Remixed Revenues

After reading Josiah’s post about the philosophical and cultural implications of strict internet publishing laws, I decided to write my own response rather than a long comment. The reason being that his thoughts really got me thinking.

Originally, I was going to comment, saying that I agreed with his post at a fundamental level, but that a) restrictive copyright laws affect not only the youth but any artist who wants to express their creativity using the internet as a platform and b) that I thought the reason the government was so restrictive and uptight about remixes of copyrighted work was because they would make less of a profit from tax revenues on royalties. But did I actually know that? How much is the government actually making under the current system?

To summarize my brief and not-so-in-depth research, the government loses money for individual pieces of work published on the internet because individuals don’t make much money from it, and the hosting sites (while they do generate a huge profit) do not get much revenue from individual works– they rely on the volume of the content that they host.

You can read my process under the cut.

Let’s take three scenarios into account:

  • An artist produces a piece of work, gets a copyright on it with the government, and publishes that work through a publishing company, keeping the rights to his work.
  • An artist produces a piece of work, gets a copyright on it with the government, but forfeits the rights to his work to his publishing company.
  • An artist produces a piece of work, does not copyright it, and publishes the work online with a site that gives a minimal income based on ad revenue.

In the first scenario, the artist receives a royalty for his work, in addition to any advances the publishing company has given him in order to produce the work. The government can tax a standard income tax (contingent on his income bracket) (1) on his advance, and then an additional 0-30% on the royalties (2) if the royalties are not considered a part of his income– the percentage of the royalty tax depends on the type of work that’s produced (3). The government also taxes the publishing company, with the income tax depending on the income bracket of the company or special deals with the government(4). However, the publishing company is subject to a tax deduction for all its royalties as a business expense deduction (5). The second scenario is the same, except the artist only receives the advance and whatever the company pays him for his copyright. Thus, the total tax comes to the income taxes for both parties (with no tax deduction for the publishing company), in addition to a capital gains tax  of either 15% or 5% (depending on the seller’s income bracket) on the sold copyright (5).

In the third scenario, the artist gets no royalty, but does receive taxable income from the site. The site itself pays an income tax to the government.

In either case, there are quite a few factors that play into how much the government actually makes via taxes. These factors are:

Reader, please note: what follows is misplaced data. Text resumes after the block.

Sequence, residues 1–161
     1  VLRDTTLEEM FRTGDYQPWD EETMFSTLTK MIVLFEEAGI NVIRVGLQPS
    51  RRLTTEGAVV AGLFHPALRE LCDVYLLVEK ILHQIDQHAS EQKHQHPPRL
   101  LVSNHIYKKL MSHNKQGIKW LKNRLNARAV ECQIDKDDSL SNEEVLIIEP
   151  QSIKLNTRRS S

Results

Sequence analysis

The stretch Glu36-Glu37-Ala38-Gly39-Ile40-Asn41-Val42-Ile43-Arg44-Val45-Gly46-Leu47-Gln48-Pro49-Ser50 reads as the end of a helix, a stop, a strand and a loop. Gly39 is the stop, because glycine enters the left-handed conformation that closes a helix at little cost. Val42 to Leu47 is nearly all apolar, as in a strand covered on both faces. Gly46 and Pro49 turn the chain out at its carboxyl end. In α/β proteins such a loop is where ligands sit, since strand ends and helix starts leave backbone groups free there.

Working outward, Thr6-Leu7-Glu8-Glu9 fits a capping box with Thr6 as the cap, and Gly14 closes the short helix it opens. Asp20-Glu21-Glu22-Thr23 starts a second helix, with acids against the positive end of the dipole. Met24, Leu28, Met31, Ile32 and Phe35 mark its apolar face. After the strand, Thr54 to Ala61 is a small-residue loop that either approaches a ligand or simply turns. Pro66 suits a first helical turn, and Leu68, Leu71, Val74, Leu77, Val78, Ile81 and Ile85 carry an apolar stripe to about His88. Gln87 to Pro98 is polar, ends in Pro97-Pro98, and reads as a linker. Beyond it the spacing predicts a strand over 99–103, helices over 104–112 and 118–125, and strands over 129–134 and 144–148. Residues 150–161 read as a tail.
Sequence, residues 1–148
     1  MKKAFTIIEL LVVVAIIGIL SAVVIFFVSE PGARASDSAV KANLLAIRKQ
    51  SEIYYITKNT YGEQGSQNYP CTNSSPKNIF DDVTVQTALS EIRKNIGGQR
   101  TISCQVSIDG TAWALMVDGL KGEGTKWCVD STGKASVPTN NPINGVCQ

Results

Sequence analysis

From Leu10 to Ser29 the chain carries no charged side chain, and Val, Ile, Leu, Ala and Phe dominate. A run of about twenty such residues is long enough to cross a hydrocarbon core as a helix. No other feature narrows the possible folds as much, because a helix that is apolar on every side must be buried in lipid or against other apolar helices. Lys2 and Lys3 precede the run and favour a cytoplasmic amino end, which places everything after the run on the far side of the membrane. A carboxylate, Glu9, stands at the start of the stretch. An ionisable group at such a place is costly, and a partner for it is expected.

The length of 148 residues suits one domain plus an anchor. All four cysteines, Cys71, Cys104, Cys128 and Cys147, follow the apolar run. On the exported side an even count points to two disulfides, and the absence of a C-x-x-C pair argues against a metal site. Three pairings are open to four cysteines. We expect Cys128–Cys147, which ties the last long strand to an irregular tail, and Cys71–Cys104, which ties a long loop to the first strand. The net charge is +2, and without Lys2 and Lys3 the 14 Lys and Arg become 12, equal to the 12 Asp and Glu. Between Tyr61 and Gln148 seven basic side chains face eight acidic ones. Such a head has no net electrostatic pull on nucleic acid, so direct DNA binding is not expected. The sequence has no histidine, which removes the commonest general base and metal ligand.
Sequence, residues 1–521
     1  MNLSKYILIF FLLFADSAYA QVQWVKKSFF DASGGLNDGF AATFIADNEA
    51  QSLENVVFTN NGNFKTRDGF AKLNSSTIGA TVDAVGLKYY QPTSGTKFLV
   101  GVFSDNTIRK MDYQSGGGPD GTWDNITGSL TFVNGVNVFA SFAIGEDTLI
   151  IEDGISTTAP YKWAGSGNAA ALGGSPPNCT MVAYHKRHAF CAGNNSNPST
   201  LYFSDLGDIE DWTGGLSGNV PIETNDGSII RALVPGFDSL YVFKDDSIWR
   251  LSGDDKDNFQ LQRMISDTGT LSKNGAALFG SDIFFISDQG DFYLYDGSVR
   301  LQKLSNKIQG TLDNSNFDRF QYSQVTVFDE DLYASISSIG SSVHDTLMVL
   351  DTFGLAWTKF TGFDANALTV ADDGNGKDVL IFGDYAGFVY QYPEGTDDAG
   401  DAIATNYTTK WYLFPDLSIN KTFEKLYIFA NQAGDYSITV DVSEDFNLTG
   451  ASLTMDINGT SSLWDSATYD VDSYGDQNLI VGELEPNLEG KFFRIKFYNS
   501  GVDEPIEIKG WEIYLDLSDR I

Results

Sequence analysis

• How popular the piece becomes
  • The medium of the piece (i.e. whether it’s a book, piece of music, photograph, etc.)
  • Whether the IRS considers the artist’s work to be his job, i.e. his primary source of income
  • How much the author makes from other sources of income and other factors with how he files his taxes
  • How much the publishing company or internet publishing platform makes
  • How much all parties receive in tax deductions

And this is assuming that we’re in America when considering all this.

So, let’s assume that the artist in question is publishing a book. In one year, the book sells 20,000 copies at $15 per copy OR makes $13000 in ad revenue. The artist himself makes $35,000 a year outside of the profits from his book, for which he receives a $10,000 advance plus any royalties, which, if he receives them, will equal 10% of total profit (royalties can range from 7.5 to 15% (3)). Additionally, we know that the artist files his taxes singly and does not write professionally. For the second scenario, we will assume that the copyright of the book is valued at $5000 and can be taxed at 15%. For the third, we’ll assume he’s working under a similar setup as a standard blog with advertising, giving him around $500 a month, with the remainder going to the hosting site. The publishing company makes close to $10 milli0n a year, and we’ll say that he published online on a site that makes about $30 million annually.

To determine how much money the government makes, we can crunch the numbers for each scenario:

  • In scenario one, the government makes about $13k from the artist, and about $100k from the publishing company
  • In scenario two, the government makes about $8k from the artist, and about $105k from the publishing company
  • In scenario three, the government makes about $8.5k from the artist, and about $2.5K from the online site.

This isn’t accounting for any money that they end up giving back as a result of tax deductions. As you can see, there’s a significantly higher profit margin for either of the publishing scenarios.

Obviously, I am not an economist and my knowledge of this subject is superficial at best. My calculation’s aren’t even close to being solid, and a lot of them are based upon assumption and guesswork rather than facts. But I would venture a guess that online publishing, whether it be an original work or not, is costing the government money. People don’t have to pay as much to get access to art, and a lot of content can be hosted cheaply and effectively. The rise of internet hosting sites as big businesses have resulted in higher incomes on the whole for those companies, but the profit for each individual work is minimal simply because of the total volume of content hosted by the site.

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